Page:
Hydrolyzed whey protein can be considered as an up-scaled version of WPI. It is pre-digested whey protein. A pre-digested whey will typically release aminos at a faster rate and the digestion process will be quick. The whole idea of hydrolyzing is to enhance the bio-availability of the protein hence increasing MPS (Muscle Protein Synthesis).
Whey protein vs. hydrolyzed whey protein
Protein has evolved and so have the choices. Let's drill down and find out the differences to better understand them.
There is a big difference in the price. Whey Protein is the cheapest available on the market. The difference between both of these prices might be around 200%. It is advisable to opt for whey protein on a low budget, as most of the protein requirement has to be fulfilled by the diet.
Whey is “fast” protein. There is a war to increase the rate of digestion using techniques like ion exchange, cross filtration and so on. Whey protein superiority is not only due to its bioavailability. Research carried out for the effect of pre-digested whey versus whey protein on MPS states that there is a minimal or rather negligible amount of spike in amino release in the blood.
Hydrolyzed whey protein is superior when compared to casein protein but stands at par with whey protein.
3. Lactose And Fat content
Whey protein (WPC) contains lactose, fats and carbohydrates. People who have issues with milk and milk products might experience stomach aches and wind post consumption of whey protein due to the presence of Lactose. Furthermore, a single serving has 3-5g of carbs, 2-3g of fat which might not fit into a diet plan. For these reasons, hydrolyzed whey can be considered but the cheaper option of the isolate is available too.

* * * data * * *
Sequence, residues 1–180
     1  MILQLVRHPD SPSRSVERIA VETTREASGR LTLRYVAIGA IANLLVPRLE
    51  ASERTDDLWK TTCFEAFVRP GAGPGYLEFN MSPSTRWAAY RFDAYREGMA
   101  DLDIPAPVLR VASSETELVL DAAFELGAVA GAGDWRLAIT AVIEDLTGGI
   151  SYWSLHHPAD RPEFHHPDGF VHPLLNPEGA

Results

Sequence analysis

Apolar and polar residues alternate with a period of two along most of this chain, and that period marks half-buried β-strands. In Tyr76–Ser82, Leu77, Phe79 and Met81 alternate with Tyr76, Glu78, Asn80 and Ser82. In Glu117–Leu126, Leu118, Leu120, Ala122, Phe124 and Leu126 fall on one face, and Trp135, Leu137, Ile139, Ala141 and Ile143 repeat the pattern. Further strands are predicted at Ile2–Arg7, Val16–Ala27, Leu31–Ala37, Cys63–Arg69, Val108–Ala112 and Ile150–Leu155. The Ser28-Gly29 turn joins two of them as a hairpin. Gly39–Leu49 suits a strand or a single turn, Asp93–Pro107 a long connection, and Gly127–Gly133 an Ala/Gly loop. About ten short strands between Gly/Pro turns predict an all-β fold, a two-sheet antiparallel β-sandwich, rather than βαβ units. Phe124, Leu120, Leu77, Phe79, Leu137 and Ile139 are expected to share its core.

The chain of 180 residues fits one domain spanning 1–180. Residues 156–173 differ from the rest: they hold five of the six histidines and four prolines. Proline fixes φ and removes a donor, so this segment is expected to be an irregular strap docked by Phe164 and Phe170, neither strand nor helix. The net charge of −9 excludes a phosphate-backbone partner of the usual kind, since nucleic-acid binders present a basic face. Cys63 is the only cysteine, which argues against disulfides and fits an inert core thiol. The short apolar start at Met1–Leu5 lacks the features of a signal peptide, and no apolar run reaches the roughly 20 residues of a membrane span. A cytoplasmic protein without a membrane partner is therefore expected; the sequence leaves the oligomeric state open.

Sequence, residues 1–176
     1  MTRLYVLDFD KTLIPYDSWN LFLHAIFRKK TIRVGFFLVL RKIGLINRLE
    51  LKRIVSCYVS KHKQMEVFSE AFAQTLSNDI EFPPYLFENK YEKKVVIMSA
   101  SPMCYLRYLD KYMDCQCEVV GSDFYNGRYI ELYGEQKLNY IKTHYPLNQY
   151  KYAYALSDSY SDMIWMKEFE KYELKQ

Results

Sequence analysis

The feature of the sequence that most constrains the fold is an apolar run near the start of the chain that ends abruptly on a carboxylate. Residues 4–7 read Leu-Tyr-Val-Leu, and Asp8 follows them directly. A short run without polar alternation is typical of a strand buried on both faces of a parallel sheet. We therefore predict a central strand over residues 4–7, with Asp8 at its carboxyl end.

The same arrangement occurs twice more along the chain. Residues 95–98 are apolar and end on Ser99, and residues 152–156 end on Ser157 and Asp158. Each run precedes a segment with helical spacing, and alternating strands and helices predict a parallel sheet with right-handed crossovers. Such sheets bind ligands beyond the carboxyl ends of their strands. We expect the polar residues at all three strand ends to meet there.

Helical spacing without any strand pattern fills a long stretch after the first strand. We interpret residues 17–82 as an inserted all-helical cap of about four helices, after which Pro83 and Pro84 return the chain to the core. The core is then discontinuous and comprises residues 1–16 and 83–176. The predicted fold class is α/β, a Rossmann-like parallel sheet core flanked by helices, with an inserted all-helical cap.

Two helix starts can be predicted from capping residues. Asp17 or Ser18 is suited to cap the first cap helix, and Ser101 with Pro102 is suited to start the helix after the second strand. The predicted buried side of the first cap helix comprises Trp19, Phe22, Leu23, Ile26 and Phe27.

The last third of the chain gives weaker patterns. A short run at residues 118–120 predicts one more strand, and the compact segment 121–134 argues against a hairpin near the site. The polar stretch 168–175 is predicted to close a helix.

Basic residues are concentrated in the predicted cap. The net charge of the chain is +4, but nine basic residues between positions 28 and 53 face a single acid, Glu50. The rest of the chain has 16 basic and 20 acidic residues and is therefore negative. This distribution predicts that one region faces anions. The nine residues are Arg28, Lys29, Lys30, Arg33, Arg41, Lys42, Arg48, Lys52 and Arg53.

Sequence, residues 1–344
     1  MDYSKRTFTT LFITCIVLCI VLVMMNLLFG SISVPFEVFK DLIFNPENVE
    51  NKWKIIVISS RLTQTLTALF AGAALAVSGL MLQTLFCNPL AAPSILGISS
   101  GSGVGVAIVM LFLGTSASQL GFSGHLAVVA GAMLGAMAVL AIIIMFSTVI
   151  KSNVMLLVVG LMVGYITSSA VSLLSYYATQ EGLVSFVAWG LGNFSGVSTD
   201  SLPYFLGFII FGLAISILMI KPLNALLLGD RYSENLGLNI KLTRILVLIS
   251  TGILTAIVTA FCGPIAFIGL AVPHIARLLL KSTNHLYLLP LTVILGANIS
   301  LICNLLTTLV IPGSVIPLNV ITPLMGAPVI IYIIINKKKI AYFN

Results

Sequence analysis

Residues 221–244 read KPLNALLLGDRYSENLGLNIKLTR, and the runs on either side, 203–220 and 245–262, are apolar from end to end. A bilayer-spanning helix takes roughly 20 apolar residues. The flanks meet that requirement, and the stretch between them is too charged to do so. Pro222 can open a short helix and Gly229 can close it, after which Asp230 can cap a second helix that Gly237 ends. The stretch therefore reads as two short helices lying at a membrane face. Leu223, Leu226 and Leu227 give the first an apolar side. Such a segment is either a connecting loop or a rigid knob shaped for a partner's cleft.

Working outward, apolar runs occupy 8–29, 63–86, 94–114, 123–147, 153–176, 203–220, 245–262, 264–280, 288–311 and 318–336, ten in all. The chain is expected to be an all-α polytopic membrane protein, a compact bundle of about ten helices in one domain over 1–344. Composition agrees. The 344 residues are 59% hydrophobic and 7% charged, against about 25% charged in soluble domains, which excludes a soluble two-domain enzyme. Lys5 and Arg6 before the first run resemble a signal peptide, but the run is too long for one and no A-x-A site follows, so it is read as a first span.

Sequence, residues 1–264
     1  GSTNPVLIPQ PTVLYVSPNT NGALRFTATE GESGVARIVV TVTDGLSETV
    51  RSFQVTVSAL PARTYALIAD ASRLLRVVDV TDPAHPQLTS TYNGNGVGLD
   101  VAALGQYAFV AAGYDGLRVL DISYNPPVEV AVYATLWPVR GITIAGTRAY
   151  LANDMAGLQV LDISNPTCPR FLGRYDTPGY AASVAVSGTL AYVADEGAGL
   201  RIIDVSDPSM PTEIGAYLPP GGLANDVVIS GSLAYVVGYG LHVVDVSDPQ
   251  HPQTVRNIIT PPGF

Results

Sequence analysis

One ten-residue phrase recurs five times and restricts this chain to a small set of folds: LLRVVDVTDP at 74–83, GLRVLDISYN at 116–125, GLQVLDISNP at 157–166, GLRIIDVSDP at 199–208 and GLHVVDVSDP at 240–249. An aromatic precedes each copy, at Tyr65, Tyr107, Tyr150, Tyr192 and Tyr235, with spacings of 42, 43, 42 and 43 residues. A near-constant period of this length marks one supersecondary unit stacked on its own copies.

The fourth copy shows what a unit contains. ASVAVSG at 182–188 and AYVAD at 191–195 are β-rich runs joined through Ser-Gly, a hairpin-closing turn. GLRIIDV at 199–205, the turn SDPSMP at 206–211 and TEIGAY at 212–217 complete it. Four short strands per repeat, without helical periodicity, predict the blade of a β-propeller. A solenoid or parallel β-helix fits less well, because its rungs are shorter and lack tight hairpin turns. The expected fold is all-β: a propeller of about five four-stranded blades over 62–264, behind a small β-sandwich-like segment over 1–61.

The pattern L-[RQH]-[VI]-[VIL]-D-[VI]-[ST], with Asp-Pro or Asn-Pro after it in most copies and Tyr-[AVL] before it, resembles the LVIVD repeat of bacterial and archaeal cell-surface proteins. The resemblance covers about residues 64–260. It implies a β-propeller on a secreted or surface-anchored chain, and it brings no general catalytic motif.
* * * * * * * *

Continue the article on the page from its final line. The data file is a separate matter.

4. Protein Content
Whey protein has less protein per gram of serving. The first generation of whey protein had around 40-60% of protein per serving but recent advancements in technology have raised the levels and the current protein levels are around 80%.
Hydrolyzed Whey Protein is filtered more and more and has around 90-95 % of protein content per serving. This statement is true for whey protein isolate also.
There were not many studies to support this so more research is required. Hydrolyzed whey protein is processed with mild acids and warm temperatures to break the amino bonds for ease of digestion. The process makes it slightly denatured - the amino profile gets depleted and it loses a small amount of its effectiveness.
Whey protein isolate and concentrate are subjected to very low temperatures to ensure that the amino are intact and the goodness is preserved making them effective.
Take home message
It can be concluded that hydrolyzed whey protein is superior to whey protein for those who are sensitive to lactose but wish to receive the benefits of whey protein. However, whey protein is a more cost-effective method of getting those same benefits.
Our articles should be used for informational and educational purposes only and are not intended to be taken as medical advice. If you're concerned, consult a health professional before taking dietary supplements or introducing any major changes to your diet.